Today in Russia, according to a 2011 public opinion poll conducted by the Levada Center, 24% of Russians believed migrants specifically from the North Caucasus should be banned from living in northern Russian cities, and 32% believed the Moscow Metro bombings to be a specific act of “vengeance” for Russian occupation of the North Caucasus. Less the one percent felt any sort of guilt toward North Caucasian peoples, while 38% reported annoyance, dislike, or fear of the North Caucasus republics. An equal proportion wants all Chechens summarily kicked out of the federation.

People of the Caucasus are seen as inherently violent, superstitious and honor-bound in Russia, and—in addition to historical enmity—this is due to a misunderstanding of the Chechen tradition of adat.

Adat, distilled to its most basic form, is a cultural mandate for vengeance. Generally, it centers on blood feuds—there’s a murder in a Chechen village, perhaps due to a disagreement gone awry, and the onus of carrying out vendetta falls to the family of the slain. But contrary to the Chechen stereotype of the aimless berserker, traditions like adat are meant to force imminently violent actors into pause for thought. The ramifications of one’s actions are more clearly mapped out. “It’s very hard for one Chechen to kill another,” a former Chechen separatist fighter told The Chicago Tribune in 1996. “It means a blood vendetta. The killing must be avenged.”

Though this version of “an eye for an eye,” by definition, cannot be committed against a non-Chechen, that hasn’t stopped the Russian press from speculating as to the role of zealous Chechen nationalism, coupled with Islamist fervor, in Nemtsov’s death. The word “revenge” is conspicuously sprinkled throughout Russian news reports of Dadayev’s arrest.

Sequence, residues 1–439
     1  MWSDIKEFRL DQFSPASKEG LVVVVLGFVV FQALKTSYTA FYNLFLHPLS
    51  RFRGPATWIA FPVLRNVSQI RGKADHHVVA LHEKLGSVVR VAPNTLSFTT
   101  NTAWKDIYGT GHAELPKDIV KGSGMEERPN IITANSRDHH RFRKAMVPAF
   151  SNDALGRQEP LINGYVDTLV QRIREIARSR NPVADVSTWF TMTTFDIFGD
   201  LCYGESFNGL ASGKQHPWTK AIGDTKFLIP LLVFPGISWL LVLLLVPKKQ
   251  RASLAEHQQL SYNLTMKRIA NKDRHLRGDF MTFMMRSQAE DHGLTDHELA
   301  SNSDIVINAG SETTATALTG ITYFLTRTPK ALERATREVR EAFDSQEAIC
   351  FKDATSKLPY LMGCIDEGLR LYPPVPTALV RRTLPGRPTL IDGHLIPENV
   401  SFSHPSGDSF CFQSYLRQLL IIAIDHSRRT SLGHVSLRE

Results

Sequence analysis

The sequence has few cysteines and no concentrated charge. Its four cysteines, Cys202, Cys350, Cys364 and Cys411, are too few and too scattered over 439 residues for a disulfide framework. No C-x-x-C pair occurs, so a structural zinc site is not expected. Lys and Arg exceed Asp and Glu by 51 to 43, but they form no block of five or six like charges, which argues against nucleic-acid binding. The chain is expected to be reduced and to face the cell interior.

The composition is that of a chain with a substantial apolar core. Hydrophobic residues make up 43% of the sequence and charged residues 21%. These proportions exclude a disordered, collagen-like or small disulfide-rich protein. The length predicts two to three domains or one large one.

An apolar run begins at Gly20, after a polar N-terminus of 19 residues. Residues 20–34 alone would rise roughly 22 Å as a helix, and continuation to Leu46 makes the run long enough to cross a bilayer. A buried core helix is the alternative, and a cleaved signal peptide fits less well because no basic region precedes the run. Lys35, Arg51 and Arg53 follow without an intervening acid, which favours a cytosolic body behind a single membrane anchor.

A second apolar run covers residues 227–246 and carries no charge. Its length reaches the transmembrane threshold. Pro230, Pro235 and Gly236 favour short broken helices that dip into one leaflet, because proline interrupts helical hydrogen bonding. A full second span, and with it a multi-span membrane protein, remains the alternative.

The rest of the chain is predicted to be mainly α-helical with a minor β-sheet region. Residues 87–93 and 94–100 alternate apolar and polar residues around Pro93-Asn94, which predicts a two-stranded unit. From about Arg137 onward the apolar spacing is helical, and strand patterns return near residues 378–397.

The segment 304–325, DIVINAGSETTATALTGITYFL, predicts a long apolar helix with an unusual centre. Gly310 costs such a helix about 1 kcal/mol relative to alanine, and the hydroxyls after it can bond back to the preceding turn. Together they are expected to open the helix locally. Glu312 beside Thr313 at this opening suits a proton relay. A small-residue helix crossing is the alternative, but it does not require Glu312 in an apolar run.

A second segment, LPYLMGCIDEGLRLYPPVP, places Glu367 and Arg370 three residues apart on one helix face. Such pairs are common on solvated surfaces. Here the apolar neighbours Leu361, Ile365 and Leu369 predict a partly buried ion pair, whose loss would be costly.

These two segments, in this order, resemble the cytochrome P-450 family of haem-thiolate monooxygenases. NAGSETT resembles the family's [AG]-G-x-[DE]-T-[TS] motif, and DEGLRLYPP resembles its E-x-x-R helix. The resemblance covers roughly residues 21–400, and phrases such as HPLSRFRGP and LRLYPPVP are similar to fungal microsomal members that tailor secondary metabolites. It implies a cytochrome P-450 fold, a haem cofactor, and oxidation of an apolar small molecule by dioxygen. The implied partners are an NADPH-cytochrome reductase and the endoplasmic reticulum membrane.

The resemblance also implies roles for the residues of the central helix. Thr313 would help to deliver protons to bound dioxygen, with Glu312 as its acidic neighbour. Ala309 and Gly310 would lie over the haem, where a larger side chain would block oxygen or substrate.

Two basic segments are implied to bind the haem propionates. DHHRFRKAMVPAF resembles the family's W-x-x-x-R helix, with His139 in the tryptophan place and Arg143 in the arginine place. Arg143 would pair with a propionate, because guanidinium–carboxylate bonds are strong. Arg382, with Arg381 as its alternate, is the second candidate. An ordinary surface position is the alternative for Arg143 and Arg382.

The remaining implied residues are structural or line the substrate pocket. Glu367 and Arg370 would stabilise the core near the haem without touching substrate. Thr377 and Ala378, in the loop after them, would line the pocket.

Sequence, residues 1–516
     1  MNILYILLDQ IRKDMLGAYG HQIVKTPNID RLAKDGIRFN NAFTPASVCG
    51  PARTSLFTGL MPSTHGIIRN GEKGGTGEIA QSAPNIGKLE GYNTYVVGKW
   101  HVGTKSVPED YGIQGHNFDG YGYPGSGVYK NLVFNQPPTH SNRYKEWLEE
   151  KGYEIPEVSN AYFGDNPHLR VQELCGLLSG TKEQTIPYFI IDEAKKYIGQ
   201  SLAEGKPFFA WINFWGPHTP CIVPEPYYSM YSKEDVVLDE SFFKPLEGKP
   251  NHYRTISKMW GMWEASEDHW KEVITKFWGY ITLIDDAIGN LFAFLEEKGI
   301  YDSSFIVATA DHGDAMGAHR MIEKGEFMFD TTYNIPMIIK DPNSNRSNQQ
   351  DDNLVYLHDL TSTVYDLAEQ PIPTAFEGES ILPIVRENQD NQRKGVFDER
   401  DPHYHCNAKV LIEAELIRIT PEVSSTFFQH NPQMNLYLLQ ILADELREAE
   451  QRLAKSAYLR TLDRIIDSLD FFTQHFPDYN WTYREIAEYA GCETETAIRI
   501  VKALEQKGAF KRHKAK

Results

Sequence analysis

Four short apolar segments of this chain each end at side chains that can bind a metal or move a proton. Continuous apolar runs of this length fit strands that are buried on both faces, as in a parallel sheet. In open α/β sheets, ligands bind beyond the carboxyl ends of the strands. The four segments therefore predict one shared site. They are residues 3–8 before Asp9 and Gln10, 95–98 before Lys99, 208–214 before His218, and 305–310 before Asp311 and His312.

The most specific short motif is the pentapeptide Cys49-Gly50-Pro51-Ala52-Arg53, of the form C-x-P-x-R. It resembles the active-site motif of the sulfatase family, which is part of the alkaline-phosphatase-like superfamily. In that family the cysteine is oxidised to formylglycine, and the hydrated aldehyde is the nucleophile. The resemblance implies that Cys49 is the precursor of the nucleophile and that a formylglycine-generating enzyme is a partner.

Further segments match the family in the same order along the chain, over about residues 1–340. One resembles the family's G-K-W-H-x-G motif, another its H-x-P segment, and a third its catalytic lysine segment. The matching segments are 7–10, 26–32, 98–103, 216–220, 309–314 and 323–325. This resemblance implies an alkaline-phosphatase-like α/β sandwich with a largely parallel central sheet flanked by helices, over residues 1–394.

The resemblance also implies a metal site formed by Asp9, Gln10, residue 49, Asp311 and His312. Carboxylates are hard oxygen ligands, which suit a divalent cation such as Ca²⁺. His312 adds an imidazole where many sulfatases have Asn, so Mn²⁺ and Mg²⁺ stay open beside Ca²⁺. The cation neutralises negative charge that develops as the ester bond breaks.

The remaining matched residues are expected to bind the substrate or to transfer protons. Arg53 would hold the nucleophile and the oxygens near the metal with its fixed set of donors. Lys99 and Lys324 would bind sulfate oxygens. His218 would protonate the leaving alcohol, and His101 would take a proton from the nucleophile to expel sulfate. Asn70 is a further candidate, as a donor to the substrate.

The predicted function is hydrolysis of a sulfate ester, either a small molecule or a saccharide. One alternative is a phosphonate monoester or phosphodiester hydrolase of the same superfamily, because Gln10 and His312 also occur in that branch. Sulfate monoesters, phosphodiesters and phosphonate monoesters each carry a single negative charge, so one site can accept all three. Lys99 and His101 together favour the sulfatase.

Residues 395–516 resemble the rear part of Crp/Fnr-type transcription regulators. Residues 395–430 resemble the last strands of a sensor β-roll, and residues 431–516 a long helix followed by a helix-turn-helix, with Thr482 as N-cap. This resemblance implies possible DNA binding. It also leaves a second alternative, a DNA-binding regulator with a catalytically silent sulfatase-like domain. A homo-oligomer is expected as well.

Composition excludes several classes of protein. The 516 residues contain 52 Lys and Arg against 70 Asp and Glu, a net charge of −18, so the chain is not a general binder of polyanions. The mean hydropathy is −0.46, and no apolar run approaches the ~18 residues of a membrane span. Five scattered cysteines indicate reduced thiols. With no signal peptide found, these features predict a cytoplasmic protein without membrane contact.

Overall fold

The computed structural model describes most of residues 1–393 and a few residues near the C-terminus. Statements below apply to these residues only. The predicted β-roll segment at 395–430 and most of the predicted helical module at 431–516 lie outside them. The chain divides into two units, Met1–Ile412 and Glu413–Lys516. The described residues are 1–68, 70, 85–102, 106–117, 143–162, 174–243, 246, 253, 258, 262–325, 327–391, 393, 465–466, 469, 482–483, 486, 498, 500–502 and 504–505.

Foisting blame for Nemtsov’s murder onto a Chechen plays right into Russocentric notions of the federation’s peripheral nations, particularly those of Muslim extraction. “Investigators’ nonsensical theory about Islamist motives in Nemtsov’s killing suits the Kremlin and takes Putin out of the firing line,” said Ilya Yashin, co-director of Nemtsov’s liberal opposition party, in an interview with Reuters.

“The Chechens once again appear in the eyes of the world as ‘fanatical Islamists’ and ‘ruthless killers,’” exiled Chechen separatist leader Akhmed Zakayev said in an interview with the UK edition of the International Business Times. “This is in line with the general Russian propaganda that is trying to portray us as defective people prone to fanaticism and crime and who, therefore, are unable to build their peaceful, prosperous independent nation.”

Perpetuating a negative narrative about the nation that has repeatedly sought independence would indeed have an added benefit for Putin’s territorially-ambitous government. This highlights an interesting hypocrisy undermining Putin’s foreign policy. Though the Russian leader, eager to curry favor among fellow BRICS leaders, loudly and frequently derides the global imperialist structures of centuries past, he forgets that he leads its largest remaining vestige—the Russian Federation itself.